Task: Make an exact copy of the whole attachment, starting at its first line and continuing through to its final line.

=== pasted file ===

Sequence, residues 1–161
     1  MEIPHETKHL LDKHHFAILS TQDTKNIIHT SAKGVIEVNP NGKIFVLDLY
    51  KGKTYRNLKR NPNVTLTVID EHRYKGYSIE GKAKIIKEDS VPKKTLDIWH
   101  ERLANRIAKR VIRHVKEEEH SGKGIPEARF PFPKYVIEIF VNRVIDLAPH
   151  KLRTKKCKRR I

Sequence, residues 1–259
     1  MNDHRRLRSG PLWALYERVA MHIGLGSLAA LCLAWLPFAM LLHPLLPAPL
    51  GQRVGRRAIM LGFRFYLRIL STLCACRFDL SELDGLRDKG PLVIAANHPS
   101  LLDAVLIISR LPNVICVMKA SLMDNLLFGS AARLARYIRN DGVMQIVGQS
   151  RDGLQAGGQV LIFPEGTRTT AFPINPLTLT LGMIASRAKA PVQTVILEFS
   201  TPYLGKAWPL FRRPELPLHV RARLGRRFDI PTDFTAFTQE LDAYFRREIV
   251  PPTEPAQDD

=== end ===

Sequence, residues 1–161
     1  MEIPHETKHL LDKHHFAILS TQDTKNIIHT SAKGVIEVNP NGKIFVLDLY
    51  KGKTYRNLKR NPNVTLTVID EHRYKGYSIE GKAKIIKEDS VPKKTLDIWH
   101  ERLANRIAKR VIRHVKEEEH SGKGIPEARF PFPKYVIEIF VNRVIDLAPH
   151  KLRTKKCKRR I

Sequence, residues 1–259
     1  MNDHRRLRSG PLWALYERVA MHIGLGSLAA LCLAWLPFAM LLHPLLPAPL
    51  GQRVGRRAIM LGFRFYLRIL STLCACRFDL SELDGLRDKG PLVIAANHPS
   101  LLDAVLIISR LPNVICVMKA SLMDNLLFGS AARLARYIRN DGVMQIVGQS
   151  RDGLQAGGQV LIFPEGTRTT AFPINPLTLT LGMIASRAKA PVQTVILEFS
   201  TPYLGKAWPL FRRPELPLHV RARLGRRFDI PTDFTAFTQE LDAYFRREIV
   251  PPTEPAQDD